The potential of using stems for the detection of latent infection caused byRalstonia solanacearum (Rs) was studied. Forty plants each were collected from four farms with bacterial wilt incidence below 4% in two growing seasons (season A and season B of 2005). The tubers of all the selected plants including 10 cm of the all lower stems were collected. Samples were taken to the laboratory for indexing against R. solanacearu (Rs) using ELISA techniques. TheRs status of each of the composite samples of all the tubers and of stems was determined and then correlation coefficients computed. There was a notable difference in the percentage number of samples per farm with particular categories of R. solanacearum status. When stems were compared to tubers for detection of Rs, an average r – value of 0.4 was obtained when r-values for the four different farms were averaged. The lowest r-value recorded was 0.2 while the highest was 0.5. When individual farms were considered it was only in one farm out of the four that r was not significant (p = 0.2). Overall the r-value was significant (p < 0.05). These results indicate that there is scope for adoption of stems as an alternative sample to tubers for indexing against R. solanacearum in potato tuber seed certification schemes more so in screening for presence of R. solanacearum in seed potato fields. However, although significant, the low r-value calls for more investigations to be done prior to final recommendation on use of stems from potato fields.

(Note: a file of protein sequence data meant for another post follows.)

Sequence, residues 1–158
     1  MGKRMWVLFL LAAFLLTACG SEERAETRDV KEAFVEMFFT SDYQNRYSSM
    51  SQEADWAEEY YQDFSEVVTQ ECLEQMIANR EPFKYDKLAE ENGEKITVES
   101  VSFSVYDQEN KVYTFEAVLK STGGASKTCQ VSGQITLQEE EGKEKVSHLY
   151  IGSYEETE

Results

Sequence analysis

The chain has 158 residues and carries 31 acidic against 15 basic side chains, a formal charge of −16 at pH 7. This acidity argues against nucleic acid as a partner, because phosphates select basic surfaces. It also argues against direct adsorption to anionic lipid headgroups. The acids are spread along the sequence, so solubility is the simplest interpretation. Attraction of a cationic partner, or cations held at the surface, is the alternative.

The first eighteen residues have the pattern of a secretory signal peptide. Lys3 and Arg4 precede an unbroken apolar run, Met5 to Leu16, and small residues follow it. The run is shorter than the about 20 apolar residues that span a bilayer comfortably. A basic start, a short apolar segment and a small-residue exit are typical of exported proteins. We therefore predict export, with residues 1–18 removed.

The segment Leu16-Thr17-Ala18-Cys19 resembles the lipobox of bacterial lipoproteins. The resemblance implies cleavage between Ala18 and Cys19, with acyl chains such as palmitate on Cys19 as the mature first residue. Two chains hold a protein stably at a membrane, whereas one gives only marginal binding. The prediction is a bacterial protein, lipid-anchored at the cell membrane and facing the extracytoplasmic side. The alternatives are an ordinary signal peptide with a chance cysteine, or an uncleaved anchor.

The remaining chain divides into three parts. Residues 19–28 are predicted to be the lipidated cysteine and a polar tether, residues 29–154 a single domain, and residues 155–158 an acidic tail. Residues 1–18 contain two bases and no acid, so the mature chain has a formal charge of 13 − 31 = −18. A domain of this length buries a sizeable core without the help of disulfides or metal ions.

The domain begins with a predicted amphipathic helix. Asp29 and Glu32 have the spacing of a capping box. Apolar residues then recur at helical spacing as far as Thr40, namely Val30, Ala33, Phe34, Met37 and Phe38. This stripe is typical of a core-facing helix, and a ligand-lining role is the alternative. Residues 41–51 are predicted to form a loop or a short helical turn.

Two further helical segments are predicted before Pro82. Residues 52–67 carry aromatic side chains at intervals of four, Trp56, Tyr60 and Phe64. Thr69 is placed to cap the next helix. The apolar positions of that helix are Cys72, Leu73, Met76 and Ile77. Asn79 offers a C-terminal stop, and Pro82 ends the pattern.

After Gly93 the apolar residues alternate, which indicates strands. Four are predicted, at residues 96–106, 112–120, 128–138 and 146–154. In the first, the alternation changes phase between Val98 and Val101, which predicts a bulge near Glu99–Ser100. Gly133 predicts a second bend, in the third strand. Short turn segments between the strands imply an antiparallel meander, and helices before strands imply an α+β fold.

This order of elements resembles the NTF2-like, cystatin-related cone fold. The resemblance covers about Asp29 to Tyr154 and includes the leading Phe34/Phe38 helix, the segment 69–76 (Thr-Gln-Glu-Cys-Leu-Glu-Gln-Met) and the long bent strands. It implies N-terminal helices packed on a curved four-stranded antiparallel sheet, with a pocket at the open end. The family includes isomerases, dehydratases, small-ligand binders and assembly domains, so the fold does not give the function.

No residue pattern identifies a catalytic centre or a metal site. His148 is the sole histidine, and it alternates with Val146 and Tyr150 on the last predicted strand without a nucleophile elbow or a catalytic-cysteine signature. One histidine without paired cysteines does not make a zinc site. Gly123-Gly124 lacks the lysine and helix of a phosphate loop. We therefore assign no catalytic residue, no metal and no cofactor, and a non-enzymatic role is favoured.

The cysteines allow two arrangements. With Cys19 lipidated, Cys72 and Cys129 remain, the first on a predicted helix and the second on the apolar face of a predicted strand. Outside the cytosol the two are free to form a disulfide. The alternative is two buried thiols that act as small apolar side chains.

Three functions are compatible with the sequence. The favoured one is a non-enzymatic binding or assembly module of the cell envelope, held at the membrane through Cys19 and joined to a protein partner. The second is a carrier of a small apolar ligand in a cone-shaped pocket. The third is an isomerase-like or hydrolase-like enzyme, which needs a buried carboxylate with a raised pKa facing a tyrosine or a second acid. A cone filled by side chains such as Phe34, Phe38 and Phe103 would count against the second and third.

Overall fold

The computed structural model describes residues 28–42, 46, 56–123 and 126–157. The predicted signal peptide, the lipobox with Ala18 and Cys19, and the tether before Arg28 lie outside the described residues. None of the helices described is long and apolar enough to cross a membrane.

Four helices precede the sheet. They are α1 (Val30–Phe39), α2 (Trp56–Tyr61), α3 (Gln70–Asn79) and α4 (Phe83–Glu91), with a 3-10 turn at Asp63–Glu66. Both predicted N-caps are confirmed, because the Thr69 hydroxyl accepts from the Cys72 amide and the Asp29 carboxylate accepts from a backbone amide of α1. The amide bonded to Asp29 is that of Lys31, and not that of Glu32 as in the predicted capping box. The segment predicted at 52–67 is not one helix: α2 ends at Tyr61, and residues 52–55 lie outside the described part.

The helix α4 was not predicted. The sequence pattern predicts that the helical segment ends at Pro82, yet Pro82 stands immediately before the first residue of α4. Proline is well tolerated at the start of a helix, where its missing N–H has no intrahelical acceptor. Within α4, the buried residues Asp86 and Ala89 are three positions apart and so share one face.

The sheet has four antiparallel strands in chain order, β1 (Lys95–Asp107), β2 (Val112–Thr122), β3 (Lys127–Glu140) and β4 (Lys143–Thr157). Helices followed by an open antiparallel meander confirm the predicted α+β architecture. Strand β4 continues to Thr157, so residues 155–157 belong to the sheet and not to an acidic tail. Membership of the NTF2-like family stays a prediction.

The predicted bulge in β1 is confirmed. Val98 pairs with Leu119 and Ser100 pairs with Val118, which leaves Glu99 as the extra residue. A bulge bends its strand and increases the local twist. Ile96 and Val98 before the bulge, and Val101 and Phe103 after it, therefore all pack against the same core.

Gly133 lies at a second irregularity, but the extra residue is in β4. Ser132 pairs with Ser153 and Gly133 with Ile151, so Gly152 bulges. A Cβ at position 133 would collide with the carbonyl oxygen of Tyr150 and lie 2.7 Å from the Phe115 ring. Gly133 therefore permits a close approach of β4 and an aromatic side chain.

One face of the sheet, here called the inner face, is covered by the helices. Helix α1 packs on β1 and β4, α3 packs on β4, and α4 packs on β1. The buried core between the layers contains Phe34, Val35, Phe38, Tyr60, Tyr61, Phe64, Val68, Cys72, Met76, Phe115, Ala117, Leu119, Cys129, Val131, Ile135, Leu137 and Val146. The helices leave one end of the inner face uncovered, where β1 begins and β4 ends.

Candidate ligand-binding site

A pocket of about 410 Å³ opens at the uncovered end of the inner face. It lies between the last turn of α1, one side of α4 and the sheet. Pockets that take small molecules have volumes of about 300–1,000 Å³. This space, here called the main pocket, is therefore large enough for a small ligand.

Key words: Solanum tuberosum, ELISA, Ralstonia solanacearum.
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